Multiple sclerosis is a debilitating condition that can cause a wide range of symptoms, including muscle deterioration, movement impairment, loss of sensation or balance.
However, it’s not just muscles and movement that can be affected by multiple sclerosis, your brain will also feel as if it is going haywire.
Stop your brain from shrinking
Keeping our brains healthy and active throughout our lives is important, because as we age our brains begin to shrink slowly. And with some diseases – especially neurodegenerative conditions — this natural brain shrinkage happens much faster than normal.
We normally associate brain shrinkage specifically with Alzheimer’s disease, but those suffering with multiple sclerosis also fall victim to brain atrophy.
That’s because your own immune system not only attacks the nerves that control your muscles, but also the ones in your grey matter.
And the more your brain reduces in size… the quicker multiple sclerosis can progress… and the worse your symptoms can become, walloping you with everything from “brain burps” to seizures.
But according to a new study, there’s a natural way to protect your brain from wasting away — because you can build up your brain by working out your muscles!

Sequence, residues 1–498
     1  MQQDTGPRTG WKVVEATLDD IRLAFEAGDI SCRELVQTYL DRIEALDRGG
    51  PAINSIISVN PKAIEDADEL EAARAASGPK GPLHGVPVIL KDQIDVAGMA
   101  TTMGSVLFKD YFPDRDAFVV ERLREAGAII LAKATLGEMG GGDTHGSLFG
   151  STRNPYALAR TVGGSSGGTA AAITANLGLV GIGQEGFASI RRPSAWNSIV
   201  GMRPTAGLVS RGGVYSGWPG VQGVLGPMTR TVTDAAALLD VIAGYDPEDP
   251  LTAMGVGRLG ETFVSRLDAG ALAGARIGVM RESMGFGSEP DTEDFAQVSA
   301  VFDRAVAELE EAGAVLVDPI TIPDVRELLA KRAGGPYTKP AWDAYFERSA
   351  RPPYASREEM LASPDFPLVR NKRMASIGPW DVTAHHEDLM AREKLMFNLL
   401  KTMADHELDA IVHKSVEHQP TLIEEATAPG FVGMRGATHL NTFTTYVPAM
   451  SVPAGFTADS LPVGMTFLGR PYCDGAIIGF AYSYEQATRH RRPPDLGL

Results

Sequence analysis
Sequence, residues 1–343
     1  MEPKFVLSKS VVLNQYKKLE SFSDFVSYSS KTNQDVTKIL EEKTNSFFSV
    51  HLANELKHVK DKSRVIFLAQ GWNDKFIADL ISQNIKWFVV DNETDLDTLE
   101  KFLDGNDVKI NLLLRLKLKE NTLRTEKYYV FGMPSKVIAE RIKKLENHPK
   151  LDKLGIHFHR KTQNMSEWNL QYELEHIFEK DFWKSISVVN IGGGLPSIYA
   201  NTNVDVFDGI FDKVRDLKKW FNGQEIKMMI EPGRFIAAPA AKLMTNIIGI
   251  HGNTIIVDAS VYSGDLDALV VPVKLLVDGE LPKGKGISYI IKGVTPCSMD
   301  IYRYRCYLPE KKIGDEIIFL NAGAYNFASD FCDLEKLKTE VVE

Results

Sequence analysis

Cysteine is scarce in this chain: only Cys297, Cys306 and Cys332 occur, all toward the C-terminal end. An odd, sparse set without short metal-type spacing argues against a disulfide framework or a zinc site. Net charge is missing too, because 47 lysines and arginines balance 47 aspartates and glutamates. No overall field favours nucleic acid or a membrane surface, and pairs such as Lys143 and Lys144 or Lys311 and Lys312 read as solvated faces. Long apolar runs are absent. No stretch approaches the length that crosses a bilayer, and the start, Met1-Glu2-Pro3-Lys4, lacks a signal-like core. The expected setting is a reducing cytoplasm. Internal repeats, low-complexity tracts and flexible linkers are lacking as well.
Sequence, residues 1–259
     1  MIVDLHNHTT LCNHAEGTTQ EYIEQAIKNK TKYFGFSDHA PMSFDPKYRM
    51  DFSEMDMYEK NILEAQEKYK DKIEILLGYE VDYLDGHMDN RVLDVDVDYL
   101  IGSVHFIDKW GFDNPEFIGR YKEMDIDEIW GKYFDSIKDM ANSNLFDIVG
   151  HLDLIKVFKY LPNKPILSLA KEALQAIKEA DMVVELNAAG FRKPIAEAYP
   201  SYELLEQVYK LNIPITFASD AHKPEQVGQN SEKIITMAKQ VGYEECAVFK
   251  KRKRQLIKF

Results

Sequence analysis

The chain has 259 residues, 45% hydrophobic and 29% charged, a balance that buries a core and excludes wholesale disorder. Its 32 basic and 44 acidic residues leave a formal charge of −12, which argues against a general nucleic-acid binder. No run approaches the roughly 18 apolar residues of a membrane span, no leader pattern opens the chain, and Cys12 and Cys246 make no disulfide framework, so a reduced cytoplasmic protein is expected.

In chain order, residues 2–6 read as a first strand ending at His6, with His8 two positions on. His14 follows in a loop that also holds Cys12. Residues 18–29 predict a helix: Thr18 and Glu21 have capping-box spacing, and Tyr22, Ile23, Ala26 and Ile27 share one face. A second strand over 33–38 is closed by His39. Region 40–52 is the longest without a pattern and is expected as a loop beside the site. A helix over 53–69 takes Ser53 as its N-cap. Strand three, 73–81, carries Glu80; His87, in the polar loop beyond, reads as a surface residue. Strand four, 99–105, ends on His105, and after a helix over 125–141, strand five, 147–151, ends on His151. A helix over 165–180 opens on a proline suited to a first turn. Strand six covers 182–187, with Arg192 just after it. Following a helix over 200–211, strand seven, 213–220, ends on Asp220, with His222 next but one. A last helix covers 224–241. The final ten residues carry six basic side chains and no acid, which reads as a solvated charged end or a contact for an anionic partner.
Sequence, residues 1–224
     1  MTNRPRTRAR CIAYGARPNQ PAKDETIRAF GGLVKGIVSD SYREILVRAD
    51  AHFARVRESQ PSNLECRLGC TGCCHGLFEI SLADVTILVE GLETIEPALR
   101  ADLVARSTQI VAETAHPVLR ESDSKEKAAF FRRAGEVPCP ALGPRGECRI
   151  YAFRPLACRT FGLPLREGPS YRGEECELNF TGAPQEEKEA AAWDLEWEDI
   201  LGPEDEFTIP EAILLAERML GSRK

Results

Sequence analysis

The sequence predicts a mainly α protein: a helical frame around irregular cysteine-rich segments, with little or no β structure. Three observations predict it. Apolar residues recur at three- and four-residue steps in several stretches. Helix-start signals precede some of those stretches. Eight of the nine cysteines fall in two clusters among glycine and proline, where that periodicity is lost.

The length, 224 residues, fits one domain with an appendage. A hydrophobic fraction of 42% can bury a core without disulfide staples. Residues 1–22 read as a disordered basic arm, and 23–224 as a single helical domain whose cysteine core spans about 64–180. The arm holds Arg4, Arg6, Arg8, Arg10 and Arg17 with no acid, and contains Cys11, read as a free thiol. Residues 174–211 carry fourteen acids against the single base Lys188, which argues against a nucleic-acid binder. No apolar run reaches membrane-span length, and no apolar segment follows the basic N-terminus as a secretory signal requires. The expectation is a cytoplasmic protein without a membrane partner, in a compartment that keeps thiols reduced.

In this Danish study, 35 patients suffering with multiple sclerosis were divided into two groups. For six weeks, one group engaged in progressive resistance training, which involves strength-building exercises using gym equipment, free weights, and elastic bands, while the other half received no intervention.
By the end of the study, MRI images of the participants’ brains revealed that those in the training group had less brain shrinkage compared to those who didn’t train.
Not only that, but the researchers found that several areas in the brain actually started to grow in response to the resistance training.
Previous research has also found that weight-bearing exercises can thicken your cortex and even help protect your brain from dementia.
It’s not clear exactly how pumping iron can bulk up your grey matter, but it is possible that giving your muscles and nerves a workout may strengthen the neural connections in your brain.
And with multiple sclerosis, anything that improves communication between the brain and the rest of the body is a good thing, because once that communication has broken down, your ability to walk could be a thing of the past.
So, whether you’re already on medication for brain atrophy or just want to prevent brain shrinkage before it starts, give some resistance training a try.
Begin with mild resistance and slowly work your way up. Check your local gym for beginner classes that use weights or elastic bands to help you build strength.
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Disclaimer: Bear in mind the material contained in this article is provided for information purposes only. We are not addressing anyone’s personal situation. Please consult with your own physician before acting on any recommendations contained herein.
Resistance Training May Slow Down the Progression of Multiple Sclerosis, sciencedaily.com/releases/2017/08/170801090231.htm
Can resistance training impact MRI outcomes in relapsing-remitting multiple sclerosis?, journals.sagepub.com/doi/10.1177/1352458517722645